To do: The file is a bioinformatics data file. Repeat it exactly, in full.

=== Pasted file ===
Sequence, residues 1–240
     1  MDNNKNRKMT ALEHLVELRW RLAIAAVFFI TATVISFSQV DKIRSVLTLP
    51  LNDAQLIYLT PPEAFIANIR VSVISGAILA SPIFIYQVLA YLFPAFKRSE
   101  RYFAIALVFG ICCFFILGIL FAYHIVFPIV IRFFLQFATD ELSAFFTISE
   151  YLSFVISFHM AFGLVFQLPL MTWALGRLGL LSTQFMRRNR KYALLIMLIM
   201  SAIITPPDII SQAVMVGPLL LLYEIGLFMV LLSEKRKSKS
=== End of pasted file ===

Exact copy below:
Sequence, residues 1–240
     1  MDNNKNRKMT ALEHLVELRW RLAIAAVFFI TATVISFSQV DKIRSVLTLP
    51  LNDAQLIYLT PPEAFIANIR VSVISGAILA SPIFIYQVLA YLFPAFKRSE
   101  RYFAIALVFG ICCFFILGIL FAYHIVFPIV IRFFLQFATD ELSAFFTISE
   151  YLSFVISFHM AFGLVFQLPL MTWALGRLGL LSTQFMRRNR KYALLIMLIM
   201  SAIITPPDII SQAVMVGPLL LLYEIGLFMV LLSEKRKSKS